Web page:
One of the toughest parts of getting through Willow Creek is its opening set up.  It feels like excess.  Nothing in the interviews and character development is really proving to be much of anything.  You’re sort of waiting around to “just get to it” as there is no danger, no real Bigfoot “fun” happening within the film’s first and second acts.  There is some really interesting and haunting information provided, but the film waits to divulge it until these things are actually happening, which makes it feel forced and like “a load of bullshit”.  These creepy details could have been much better serviced had they been weaved in to all the “pre-camping” sequences and built up the dread so when it happens, the audience gets a chance to recognize it as well.

Willow Creek is some decent found footage entertainment.  It seems to be really trying to make itself work rather than cashing in on making a cheap found footage movie.  With a better pace and some of the secrets of the third acts peppered in and foreshadowed a bit more early on, this could have been a much stronger film.  I also could not stop thinking about The Blair Witch Project when watching it, as it felt like exactly the same movie, just with the town and monster swapped out.  Some might have this film working a lot better for them than I did, but as it stands its all right.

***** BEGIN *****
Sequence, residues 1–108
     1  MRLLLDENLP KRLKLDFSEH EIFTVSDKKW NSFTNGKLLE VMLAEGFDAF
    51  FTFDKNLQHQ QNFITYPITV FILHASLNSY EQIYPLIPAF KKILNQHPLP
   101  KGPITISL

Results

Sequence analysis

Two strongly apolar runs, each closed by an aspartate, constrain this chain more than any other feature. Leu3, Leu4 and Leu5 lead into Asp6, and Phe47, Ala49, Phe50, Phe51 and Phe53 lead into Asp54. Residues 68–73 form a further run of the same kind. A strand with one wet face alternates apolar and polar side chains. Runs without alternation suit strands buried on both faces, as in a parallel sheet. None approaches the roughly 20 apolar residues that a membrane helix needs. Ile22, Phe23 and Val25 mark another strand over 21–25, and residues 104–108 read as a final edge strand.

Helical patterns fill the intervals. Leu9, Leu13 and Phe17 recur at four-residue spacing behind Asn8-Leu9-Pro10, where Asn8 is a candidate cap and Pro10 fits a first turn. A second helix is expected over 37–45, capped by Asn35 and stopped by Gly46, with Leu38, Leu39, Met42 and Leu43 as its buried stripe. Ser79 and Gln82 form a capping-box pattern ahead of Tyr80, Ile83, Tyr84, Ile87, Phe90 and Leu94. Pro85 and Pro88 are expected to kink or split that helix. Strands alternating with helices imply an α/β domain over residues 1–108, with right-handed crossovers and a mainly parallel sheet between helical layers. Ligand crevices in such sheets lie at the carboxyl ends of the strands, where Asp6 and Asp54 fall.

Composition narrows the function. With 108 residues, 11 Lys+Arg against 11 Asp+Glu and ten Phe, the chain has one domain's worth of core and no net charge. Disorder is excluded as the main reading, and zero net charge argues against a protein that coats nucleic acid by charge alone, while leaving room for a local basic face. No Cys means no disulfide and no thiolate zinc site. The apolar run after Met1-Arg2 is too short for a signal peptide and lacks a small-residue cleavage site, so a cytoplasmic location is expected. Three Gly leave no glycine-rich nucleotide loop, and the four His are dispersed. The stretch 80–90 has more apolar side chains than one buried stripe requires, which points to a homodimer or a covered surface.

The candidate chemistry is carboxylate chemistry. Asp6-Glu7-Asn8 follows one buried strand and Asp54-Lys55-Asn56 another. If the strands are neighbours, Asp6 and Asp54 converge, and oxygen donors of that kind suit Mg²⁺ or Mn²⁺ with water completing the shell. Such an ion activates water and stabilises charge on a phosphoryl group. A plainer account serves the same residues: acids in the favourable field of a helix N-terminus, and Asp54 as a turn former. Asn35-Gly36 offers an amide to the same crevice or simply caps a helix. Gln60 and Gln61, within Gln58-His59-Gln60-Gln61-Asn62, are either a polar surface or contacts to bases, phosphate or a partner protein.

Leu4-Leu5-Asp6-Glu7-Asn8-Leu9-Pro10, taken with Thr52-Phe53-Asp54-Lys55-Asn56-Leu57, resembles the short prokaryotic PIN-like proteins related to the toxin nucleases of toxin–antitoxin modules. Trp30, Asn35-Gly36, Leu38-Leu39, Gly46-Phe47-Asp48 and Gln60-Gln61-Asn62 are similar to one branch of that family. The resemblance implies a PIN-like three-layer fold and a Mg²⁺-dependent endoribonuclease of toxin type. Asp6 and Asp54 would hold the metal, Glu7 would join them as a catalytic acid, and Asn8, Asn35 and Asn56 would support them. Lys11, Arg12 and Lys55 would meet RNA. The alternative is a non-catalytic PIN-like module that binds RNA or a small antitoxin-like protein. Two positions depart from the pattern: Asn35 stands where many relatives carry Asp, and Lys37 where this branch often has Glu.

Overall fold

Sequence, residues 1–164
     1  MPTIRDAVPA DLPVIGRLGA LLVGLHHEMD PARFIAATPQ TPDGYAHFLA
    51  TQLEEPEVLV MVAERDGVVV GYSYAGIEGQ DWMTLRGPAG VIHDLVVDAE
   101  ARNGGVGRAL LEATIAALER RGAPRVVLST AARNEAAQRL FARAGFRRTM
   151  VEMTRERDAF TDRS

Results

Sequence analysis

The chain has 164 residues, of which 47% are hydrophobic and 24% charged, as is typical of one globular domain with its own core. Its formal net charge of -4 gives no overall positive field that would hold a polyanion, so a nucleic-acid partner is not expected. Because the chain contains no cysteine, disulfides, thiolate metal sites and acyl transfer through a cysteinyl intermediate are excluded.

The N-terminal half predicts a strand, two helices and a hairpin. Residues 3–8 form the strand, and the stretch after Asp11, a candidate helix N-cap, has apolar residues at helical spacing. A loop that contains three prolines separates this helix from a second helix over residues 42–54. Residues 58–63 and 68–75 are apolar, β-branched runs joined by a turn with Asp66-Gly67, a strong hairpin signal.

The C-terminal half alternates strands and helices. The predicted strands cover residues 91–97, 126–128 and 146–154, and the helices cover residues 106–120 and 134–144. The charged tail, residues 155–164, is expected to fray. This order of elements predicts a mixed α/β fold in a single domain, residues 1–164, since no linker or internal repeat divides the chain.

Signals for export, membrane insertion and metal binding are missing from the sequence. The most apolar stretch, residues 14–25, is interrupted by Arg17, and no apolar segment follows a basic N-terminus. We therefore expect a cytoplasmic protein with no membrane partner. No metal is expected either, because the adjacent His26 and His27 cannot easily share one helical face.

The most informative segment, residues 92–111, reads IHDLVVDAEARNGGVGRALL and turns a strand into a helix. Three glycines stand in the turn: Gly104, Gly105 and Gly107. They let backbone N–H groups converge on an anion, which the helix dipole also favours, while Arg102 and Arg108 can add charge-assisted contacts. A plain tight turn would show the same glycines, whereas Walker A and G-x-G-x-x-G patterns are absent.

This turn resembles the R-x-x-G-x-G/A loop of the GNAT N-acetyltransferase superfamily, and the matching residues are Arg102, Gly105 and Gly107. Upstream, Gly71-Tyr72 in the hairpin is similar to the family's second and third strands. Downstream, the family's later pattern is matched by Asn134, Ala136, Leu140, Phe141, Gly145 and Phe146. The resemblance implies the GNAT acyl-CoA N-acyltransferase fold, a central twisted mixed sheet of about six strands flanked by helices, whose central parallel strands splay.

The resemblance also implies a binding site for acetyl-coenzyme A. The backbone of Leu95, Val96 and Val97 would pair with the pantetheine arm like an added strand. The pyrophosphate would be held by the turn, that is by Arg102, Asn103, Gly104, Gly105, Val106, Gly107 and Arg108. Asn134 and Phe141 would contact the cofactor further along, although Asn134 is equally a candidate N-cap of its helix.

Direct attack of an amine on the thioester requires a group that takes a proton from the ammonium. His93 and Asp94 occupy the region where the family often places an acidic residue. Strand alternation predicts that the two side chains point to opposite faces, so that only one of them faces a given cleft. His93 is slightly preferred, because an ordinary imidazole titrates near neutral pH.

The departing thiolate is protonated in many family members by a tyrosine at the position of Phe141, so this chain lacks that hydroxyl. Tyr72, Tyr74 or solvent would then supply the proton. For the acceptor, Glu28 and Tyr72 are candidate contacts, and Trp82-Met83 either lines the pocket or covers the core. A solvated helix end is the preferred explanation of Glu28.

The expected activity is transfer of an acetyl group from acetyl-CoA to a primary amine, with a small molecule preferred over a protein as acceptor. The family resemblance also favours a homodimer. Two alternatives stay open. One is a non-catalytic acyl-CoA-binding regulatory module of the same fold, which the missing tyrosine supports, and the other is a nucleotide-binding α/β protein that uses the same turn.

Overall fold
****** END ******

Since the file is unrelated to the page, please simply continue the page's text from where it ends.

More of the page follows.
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Encoding: MPEG-4 AVC

Resolution: 1080p

Aspect Ratio: 1.78:1

Clarity/Detail:  Due to the film using a lower end camera and natural lighting, it doesn’t have the prettiest picture in HD.  The portion of the film that takes place in the tent looks pretty ugly.  Also the parts of the film in the bright sunlight are washed.  One watching a found footage film, however, should understand that this sort of look comes with the territory.

Depth:  Not much really to talk here.  Plus the “natural” camera movements make it hard to really stand back and appreciate some of what’s going on.

Black Levels: Blacks are deep and can hide detail, but its done in a purposeful fashion.

Color Reproduction:  Colors are nice and solid.  Blues and yellows stick out

Flesh Tones:  Skin tones produces some solid detail, but are often affected in terms of consistency depending on the lighting.

Noise/Artifacts:  Nothing in terms of the transfer, there are some camera source produced artifacts and noise.

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Audio Format(s):  English 5.1 DTS-HD MA, English 2.0 PCM Lossless

Subtitles: English